I am a believer in the power of our thoughts. I am a believer in changing our life experience by changing our thoughts. But, I am just not sure about the simplistic way in which these concepts tend to be banded about. People tell you to ‘just think more positively’. Whilst I believe our thoughts are powerful, if changing and controlling them was that easy, we’d all be doing it.
“First you make your beliefs, and then your beliefs make you.” – Marisa Peer
Everyone gets caught up in the latter part of that great quote – that what we think makes who we are and our life experience. BUT, the bit that rarely gets talked about which I think is actually incredibly important is the first bit – ‘first you make your beliefs’. Or, more accurately, we should say ‘first the environment makes your beliefs’.
For the most part, our deepest, biologically and sub consciously ingrained adult patterns of thought, emotion and behaviour were programmed into us in the earliest years of our lives. Through no choice of our own.
We had no conscious control over our brain development
Because my work involves helping people who’ve experienced childhood abuse, I’ve had to look much more closely at child brain development and understand its complex and personal nature. You see, most of our brain development happened outside of the womb and in response to external stimuli – i.e. the environment. (Although, in utero brain development is also affected by the environment).
In our formative years, not only were our beliefs being shaped by what was going on around us, but our actual brain circuitry was being wired in. The hormonal circuits which drive the way we experience and regulate emotions and our ability to form healthy attachment bonds, are programmed by our childhood environment. As such, a child who was neglected will likely have different behavioural patterns and biological circuitry than one who was not. Into adulthood, they may form unhealthy relationships, not through conscious choice but, sub conscious patterns.
Our perceptions of self, others and the wider world were being set in our youngest years, so a child who was heavily criticised will start with very different perceptions than one who was supported. A child who experienced abuse may have impaired impulse regulation because the brain structures that govern the fight/ flight response would have been getting abnormally high activity in their childhood.
This, and much more was being shaped for us by whatever was going on in our early lives, even things we think of as ‘normal’ such as parental divorce have an impact. And, because everyone’s lives are so unique and personal, we’re all starting with different baseline conditioning. Once the baselines are set, the brain repeats these patterns over and over as we get older, strengthening the neurological pathways it has built. And then after 30, 45, 60 years someone comes to you and says ‘you just need to change your thoughts and your life will change’.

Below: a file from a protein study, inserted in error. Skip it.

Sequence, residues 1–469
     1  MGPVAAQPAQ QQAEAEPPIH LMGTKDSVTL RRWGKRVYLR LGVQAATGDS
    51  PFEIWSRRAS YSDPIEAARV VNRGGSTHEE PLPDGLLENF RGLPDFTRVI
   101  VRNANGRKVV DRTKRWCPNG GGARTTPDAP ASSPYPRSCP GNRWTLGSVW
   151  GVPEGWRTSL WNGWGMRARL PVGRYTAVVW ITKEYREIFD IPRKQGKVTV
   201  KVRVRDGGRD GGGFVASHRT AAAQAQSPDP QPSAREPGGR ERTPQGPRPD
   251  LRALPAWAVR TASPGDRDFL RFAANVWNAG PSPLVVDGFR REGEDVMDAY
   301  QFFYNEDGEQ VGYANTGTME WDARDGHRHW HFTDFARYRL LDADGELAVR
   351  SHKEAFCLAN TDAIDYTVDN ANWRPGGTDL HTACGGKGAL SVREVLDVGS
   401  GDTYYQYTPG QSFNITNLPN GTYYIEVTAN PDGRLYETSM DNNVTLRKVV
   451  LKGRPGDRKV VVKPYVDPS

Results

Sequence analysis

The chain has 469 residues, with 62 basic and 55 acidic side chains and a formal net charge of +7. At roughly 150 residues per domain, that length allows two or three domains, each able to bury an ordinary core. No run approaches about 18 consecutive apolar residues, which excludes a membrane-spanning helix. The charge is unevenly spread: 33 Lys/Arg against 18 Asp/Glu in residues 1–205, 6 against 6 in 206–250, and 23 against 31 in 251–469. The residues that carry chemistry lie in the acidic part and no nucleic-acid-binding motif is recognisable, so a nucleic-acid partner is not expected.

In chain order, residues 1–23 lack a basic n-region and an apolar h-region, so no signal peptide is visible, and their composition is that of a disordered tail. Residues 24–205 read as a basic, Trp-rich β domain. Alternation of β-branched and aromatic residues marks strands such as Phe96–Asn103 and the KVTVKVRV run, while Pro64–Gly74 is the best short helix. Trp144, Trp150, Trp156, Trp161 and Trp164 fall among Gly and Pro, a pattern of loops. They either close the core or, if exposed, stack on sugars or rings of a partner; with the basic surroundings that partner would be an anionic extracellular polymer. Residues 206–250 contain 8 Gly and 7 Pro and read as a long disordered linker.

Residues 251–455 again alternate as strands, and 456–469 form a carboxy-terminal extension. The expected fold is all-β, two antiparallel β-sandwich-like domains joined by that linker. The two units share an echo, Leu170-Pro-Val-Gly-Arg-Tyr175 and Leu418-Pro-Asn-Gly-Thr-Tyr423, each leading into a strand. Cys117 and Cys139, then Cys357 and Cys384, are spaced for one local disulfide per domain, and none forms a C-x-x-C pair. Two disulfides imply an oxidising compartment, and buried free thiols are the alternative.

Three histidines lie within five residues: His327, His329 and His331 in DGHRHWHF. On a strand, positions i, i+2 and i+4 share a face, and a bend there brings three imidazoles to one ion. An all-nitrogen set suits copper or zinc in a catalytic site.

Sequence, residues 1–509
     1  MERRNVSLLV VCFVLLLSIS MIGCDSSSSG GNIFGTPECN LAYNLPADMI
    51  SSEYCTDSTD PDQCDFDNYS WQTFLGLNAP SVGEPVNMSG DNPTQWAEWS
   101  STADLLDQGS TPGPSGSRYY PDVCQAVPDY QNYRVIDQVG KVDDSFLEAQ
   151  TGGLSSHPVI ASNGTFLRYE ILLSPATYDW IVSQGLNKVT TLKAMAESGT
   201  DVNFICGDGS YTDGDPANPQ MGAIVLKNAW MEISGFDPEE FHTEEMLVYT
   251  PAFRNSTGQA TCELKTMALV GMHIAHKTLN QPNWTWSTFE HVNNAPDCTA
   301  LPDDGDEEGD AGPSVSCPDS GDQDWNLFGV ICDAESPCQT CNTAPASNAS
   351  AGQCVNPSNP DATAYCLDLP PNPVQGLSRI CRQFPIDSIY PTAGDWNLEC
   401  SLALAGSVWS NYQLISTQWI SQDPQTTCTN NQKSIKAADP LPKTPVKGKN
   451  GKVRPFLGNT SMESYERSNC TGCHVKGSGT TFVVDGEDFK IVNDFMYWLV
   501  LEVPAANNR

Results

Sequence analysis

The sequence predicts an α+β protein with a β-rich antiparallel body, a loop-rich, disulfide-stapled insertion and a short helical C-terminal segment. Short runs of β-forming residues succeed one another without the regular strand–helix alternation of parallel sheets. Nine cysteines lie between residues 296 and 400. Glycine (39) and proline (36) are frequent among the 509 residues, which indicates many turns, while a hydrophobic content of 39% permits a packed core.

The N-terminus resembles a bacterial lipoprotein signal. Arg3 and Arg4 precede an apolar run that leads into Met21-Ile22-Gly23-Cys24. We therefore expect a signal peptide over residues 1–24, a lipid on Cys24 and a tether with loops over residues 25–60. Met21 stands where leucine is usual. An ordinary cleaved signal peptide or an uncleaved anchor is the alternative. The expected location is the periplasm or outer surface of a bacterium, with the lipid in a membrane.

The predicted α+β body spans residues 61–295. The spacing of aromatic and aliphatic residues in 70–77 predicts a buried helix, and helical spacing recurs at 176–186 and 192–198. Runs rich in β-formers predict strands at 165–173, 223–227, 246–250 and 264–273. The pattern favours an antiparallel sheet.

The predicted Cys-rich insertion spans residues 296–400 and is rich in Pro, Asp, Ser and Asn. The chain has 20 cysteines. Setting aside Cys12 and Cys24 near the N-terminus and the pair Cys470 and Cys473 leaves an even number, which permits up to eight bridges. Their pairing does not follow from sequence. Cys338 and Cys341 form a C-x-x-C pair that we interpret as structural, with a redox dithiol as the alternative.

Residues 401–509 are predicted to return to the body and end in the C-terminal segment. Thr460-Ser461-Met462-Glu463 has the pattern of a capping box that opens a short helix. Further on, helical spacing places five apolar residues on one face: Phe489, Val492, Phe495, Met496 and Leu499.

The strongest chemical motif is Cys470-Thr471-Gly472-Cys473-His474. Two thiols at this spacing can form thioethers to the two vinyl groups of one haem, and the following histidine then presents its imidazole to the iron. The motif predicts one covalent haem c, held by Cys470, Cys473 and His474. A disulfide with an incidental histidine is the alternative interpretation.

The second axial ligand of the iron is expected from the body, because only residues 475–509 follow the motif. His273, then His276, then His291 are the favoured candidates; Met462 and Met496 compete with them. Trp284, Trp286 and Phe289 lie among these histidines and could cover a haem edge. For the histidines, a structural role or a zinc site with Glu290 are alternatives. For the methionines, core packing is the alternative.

For some people, this may be akin to asking an adult who was born blind to ‘just see’.
This isn’t an excuse not to re-develop your mind
When it comes to thought patterns, emotional regulation and so on, we know that the brain is not hard wired and it is possible for us to consciously direct our neurological development, to create new patterns. But, to think it is that simple, easy or the same for everyone is a dangerous misconception. Such a misconception can lead people to blame themselves when they struggle to break their patterns because they might not understand that they are operating from a different baseline. A baseline that they didn’t choose.
It’s called PERSONAL development, because it’s personal. Whilst we can learn from others and take advice about how to grow and improve our happiness and wellbeing, first take time to understand yourself. From a place of utmost compassion, investigate your own baselines and see how the environment shaped you. Don’t blame it, just understand it. Don’t compare it, just accept it. And then you can carve out a personal journey of growth that is tailored for you.
About the author: To find out more about Pinky Jangra, please click here.
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